1] It’s too fresh, Google doesn’t know about it yet
Initially, don't freeze! In the event that your site is new, it may just be an issue relaxing and returning in a short time. There's a ton of moving parts in getting your site slithered, ordered and positioned. Now and then, it takes days or perhaps weeks for Google to find your site.
You can look up your site with the site: search operator in Google. Type site:keryar.com and you’ll see a list of pages found on that domain. If you type in the full URL of a specific article, you should see only one search result return. If you see your pages, this means that Google does know about your site and has put — at least some of it — in its index. Once you discover that your page is in the index, but you think it is not performing well, you might want to dig deeper.
submit the generated XML sitemap to Google Search Console to help speed up Google’s discovery process. In Search Console, you can also use the URL Inspection tool to find out how specific pages are doing. It tells you exactly how Google crawls and views your site.
2] You’ve noindexed your site or the piece of content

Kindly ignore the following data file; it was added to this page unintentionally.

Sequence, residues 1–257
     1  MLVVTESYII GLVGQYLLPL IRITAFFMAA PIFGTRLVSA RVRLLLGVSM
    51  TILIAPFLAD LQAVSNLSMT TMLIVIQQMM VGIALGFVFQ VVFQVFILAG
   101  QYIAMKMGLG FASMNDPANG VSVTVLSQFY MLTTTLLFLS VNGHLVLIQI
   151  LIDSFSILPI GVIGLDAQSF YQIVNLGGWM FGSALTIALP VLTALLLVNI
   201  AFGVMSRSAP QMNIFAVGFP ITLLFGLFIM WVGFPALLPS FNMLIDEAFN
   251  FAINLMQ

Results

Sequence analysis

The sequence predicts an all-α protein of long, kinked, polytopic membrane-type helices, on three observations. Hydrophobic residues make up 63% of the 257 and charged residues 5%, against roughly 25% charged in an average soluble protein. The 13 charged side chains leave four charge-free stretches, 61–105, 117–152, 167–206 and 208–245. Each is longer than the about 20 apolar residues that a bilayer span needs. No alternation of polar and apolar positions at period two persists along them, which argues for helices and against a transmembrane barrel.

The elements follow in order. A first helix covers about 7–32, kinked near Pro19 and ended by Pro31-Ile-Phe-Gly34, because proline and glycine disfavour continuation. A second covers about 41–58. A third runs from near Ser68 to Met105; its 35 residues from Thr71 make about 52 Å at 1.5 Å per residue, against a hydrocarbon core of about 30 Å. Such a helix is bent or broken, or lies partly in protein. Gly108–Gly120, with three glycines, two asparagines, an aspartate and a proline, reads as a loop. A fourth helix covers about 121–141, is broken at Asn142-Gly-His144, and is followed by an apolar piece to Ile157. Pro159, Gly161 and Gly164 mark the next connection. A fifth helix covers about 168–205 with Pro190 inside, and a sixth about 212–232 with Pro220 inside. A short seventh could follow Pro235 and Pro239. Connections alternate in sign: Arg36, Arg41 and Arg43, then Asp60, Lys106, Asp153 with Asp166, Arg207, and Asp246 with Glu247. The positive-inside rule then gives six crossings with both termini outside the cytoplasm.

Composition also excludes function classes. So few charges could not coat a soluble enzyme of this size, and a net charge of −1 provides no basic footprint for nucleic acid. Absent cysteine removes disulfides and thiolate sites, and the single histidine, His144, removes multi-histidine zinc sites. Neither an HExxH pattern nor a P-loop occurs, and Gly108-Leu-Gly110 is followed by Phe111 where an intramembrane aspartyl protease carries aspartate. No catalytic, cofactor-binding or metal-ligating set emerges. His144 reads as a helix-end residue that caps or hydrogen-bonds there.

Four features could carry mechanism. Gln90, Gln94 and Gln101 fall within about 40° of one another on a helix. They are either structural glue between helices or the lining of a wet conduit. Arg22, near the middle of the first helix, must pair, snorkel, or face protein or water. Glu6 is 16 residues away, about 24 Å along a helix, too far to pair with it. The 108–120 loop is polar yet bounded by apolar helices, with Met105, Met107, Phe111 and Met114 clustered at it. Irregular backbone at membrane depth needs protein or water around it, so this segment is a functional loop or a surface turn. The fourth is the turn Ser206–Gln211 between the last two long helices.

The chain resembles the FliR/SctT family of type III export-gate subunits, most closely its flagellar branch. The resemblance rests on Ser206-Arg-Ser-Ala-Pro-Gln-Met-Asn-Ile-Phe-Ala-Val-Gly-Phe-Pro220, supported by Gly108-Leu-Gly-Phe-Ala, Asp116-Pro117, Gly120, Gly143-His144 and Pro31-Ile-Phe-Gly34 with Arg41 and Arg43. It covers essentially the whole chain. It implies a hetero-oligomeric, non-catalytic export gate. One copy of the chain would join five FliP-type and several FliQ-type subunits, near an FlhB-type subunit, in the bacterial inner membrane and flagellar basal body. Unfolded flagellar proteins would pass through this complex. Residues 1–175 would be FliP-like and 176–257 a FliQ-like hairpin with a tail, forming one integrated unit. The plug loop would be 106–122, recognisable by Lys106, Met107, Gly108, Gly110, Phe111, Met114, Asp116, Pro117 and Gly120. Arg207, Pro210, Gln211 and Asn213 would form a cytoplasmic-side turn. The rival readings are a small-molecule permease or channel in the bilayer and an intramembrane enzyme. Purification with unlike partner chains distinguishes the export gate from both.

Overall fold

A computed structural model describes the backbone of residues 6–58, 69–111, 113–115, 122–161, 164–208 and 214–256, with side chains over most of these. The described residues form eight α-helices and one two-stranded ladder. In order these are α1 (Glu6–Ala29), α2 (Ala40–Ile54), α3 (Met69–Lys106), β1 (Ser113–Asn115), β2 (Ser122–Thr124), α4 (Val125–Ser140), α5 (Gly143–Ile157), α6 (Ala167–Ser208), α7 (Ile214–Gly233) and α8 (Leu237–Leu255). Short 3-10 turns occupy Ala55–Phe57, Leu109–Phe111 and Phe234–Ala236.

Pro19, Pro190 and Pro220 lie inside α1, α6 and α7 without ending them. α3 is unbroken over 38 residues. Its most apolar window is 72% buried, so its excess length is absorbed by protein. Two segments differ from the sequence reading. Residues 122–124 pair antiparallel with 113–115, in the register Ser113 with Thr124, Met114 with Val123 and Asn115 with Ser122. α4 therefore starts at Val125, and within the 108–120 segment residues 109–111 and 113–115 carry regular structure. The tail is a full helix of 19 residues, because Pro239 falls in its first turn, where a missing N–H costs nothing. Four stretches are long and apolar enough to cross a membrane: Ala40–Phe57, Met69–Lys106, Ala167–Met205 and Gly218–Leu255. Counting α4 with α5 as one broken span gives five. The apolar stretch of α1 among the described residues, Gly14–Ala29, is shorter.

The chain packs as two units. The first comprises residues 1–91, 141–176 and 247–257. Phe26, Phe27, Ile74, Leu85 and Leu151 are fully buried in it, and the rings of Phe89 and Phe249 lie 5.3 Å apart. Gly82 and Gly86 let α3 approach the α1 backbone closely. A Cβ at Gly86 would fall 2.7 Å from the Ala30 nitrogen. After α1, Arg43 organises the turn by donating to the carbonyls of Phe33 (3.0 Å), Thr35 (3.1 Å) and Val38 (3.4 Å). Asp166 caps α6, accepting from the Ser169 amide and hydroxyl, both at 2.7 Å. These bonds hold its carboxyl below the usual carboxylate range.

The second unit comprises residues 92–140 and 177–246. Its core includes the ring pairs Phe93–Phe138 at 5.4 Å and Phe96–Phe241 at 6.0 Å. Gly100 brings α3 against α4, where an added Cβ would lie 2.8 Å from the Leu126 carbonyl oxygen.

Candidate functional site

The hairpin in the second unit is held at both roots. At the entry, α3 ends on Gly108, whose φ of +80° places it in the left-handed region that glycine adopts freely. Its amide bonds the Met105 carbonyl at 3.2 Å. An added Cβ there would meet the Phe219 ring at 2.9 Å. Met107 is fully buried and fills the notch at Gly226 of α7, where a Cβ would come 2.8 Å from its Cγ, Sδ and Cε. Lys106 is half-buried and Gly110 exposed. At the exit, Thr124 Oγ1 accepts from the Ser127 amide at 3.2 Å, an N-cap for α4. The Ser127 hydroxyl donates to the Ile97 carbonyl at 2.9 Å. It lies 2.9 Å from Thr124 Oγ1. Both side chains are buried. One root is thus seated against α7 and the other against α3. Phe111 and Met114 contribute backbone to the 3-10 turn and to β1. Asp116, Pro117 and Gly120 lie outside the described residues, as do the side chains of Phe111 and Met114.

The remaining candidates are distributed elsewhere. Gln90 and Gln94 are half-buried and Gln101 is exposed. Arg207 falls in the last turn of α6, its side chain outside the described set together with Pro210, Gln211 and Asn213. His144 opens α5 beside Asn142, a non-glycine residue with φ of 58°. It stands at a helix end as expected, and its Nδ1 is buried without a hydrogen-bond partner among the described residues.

One of the most common reasons for Google not indexing your site or a specific page is because it has — inadvertently — got noindexed. Adding the noindex meta robots tags to a page tells Googlebot that it can crawl a page, but that the results can’t be added to the index.
How to check if your page is noindexed? That’s easy, simply open the page and view the source code. Somewhere in the head of the page, you’ll find the code below. This tells search engine crawlers that the content of the page shouldn’t be added to the index and, thus, keep it from ranking.
< meta name="robots" content="noindex" >
It happens! Even we occasionally make a mistake and inadvertently noindex a post. Luckily, it’s an easy fix
3] Your content lacks high-quality backlinks
Way back when Google was just a fledgling start-up, rankings were determined in part by popularity. The thinking was that the more links a site or page got, the more people view this site as a valuable source and Google should put it at the top of the results page. While a lot has changed in over two decades, links still play a part in the discoverability and ranking of content. You can rank without links, but it’s just damn hard.
Creating incredible content is a good way to get links to your pages. High-quality content tends to attract clicks from readers who might also share the content far and wide via social media as well. All this helps to get those links. Of course, there’s more you can do to get links in a natural, non-spammy way: here are fifteen ways of getting high-quality backlinks.